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Triumph Torque    Cars    Herald/Vitesse  ›  Taking the Diff out without removing drive shafts
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Taking the Diff out without removing drive shafts Print
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mazfg
October 19, 2016, 7:51am Report to Moderator


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I'm about to take my Diff out. The propshaft is out and I removed the nuts n bolts attaching the driveshafts to the Diff. Is there an easy way to get the diff out without having to remove the driveshafts/ hub complete? They're still up against the diff flanges, but have moved down since I lowered the car again.


Current: Triumph Vitesse 6 convertible with O/D 1964

21 Years ago...and my first car! : Triumph Herald 1200 Saloon/ Tristan conversion 1966
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glang
October 19, 2016, 7:58am Report to Moderator

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on my mk1 Vit I do what youve done then remove a small cover plate in the boot to undo the leaf spring holding plate bolts. Lastly theres the actual diff holding bolts to take out (two at the front and a long cross bolt at the rear) and gently lower the unit out of place. It weighs a fair bit so I do this last bit on a trolley jack and obviously you need to have the car jacked up high to improve access.
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mazfg
October 19, 2016, 8:04am Report to Moderator


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Thanks for that. My only concern is that the flanges on the driveshafts are still up against the flanges of the diff..but have slipped a bit..but can't see how to seperate them enough for the diff to drop down. I'll probably be removing the drivehsafts/ hub at some point anyway as I'd like to renew the UJ's. In the mean time though I rathe the car sat on 4 wheels rather than axle stands...


Current: Triumph Vitesse 6 convertible with O/D 1964

21 Years ago...and my first car! : Triumph Herald 1200 Saloon/ Tristan conversion 1966
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glang
October 19, 2016, 8:08am Report to Moderator

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you should be able to just lever the flanges apart or once you undo the spring they separate automatically. However then the spring is free and the car shouldnt be lowered back onto its rear wheels as there wont be any suspension support.....
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mazfg
October 19, 2016, 8:19am Report to Moderator


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The spring is still attached to the vertical link. The flanges are still togetehr but have slipped sideways slightly as I had to push the car forward.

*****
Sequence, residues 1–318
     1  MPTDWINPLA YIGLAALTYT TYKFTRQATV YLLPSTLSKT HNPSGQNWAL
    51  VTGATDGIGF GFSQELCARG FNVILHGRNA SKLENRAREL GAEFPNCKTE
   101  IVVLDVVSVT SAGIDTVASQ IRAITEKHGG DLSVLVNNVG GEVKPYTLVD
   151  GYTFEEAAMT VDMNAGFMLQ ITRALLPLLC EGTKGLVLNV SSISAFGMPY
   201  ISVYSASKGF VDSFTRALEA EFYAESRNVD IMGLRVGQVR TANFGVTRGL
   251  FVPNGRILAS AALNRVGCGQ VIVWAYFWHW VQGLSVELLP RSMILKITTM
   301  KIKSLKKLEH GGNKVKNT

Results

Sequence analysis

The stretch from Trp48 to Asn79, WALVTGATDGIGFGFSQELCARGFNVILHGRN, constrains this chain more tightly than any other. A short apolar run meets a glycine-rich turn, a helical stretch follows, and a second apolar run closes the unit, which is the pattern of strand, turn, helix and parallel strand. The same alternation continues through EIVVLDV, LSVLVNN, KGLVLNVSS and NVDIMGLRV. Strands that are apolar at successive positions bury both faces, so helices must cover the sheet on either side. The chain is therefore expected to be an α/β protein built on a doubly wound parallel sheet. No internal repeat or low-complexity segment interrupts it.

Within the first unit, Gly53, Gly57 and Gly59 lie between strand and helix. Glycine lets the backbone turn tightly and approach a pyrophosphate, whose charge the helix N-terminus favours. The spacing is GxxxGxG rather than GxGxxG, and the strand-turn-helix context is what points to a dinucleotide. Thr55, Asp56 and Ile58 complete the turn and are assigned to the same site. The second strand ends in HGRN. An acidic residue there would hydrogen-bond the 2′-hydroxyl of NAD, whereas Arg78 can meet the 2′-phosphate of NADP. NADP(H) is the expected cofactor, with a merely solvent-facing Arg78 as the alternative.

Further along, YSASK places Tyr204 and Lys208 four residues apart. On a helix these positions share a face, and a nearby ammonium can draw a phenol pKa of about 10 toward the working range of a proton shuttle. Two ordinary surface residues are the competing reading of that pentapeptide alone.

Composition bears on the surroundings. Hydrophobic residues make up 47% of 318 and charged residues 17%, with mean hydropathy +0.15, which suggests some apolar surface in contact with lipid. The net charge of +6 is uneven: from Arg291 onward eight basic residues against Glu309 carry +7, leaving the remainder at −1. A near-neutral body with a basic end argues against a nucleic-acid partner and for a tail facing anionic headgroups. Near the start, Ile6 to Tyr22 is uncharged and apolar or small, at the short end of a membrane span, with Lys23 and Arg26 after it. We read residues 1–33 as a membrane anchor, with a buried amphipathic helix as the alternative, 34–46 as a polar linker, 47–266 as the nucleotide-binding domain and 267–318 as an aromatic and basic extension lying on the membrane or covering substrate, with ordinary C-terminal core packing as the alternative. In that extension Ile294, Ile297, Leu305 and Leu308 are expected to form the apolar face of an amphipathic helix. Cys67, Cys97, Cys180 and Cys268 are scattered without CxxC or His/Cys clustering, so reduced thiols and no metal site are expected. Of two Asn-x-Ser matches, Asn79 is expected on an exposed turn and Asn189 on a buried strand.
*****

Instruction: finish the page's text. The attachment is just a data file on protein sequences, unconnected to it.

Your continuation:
The top ,mounting for the diff shows 6 studs. In the manual it says just removed the rear 3 studs? Do all six studs have to be removed though or just the nyloc nuts. I'm guessing it'll be easier if all studs(6) have been removed? rather than pushing studs through the spring plate?


Current: Triumph Vitesse 6 convertible with O/D 1964

21 Years ago...and my first car! : Triumph Herald 1200 Saloon/ Tristan conversion 1966
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cliftyhanger
October 19, 2016, 8:33am Report to Moderator

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You can lift the spring plate off. But you still have to remove the rear studs, and easier if they are all out. And yes, lever the shafts out of the way.
I have done a few diff swaps, but to be fair mainly late spitfire rear suspension in the last 10 years. So my memory may be shonky.

However, if you intend taking the shafts off, you might as well do it now. Don't forget to check the rear trunnions are all fee and move easily....


Clive Senior

Location-Brighton, East Sussex
Foxy is here, 1500od tax exempt Toledo. Now has the decent engine back in Slant 4 engine bolted in, sprint box and axle.Now has fresh MoT. Needs paint though.
Spitfire Zetec project is started work progressing slooooowly on the road!
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glang
October 19, 2016, 8:35am Report to Moderator

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I suppose it might be done with only the 3 rear studs removed as the diff has to be lowered at the front and then slid forward to take it out however you'll definitely have to undo the other nuts to take off the plate so probably easiest to unscrew all of em. Once released the spring is free to move upwards as far as the boot floor so allowing movement of the vertical links - you might have to jiggle the wheels a bit but the flanges should separate easily.
As you say while its apart you might as well do everything including the vertical link suspension bushes if they havent already been done...
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mazfg
October 19, 2016, 9:15am Report to Moderator


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Ah, yes I see that now looking at a picture of the spring plate. Only the back studs removed as the front ones will move out through the front of the spring.  Thinking it maybe best to just remove driveshafts complete and then diff and be done with it
Vertical link bushes were poly bushed about 4 years ago


Current: Triumph Vitesse 6 convertible with O/D 1964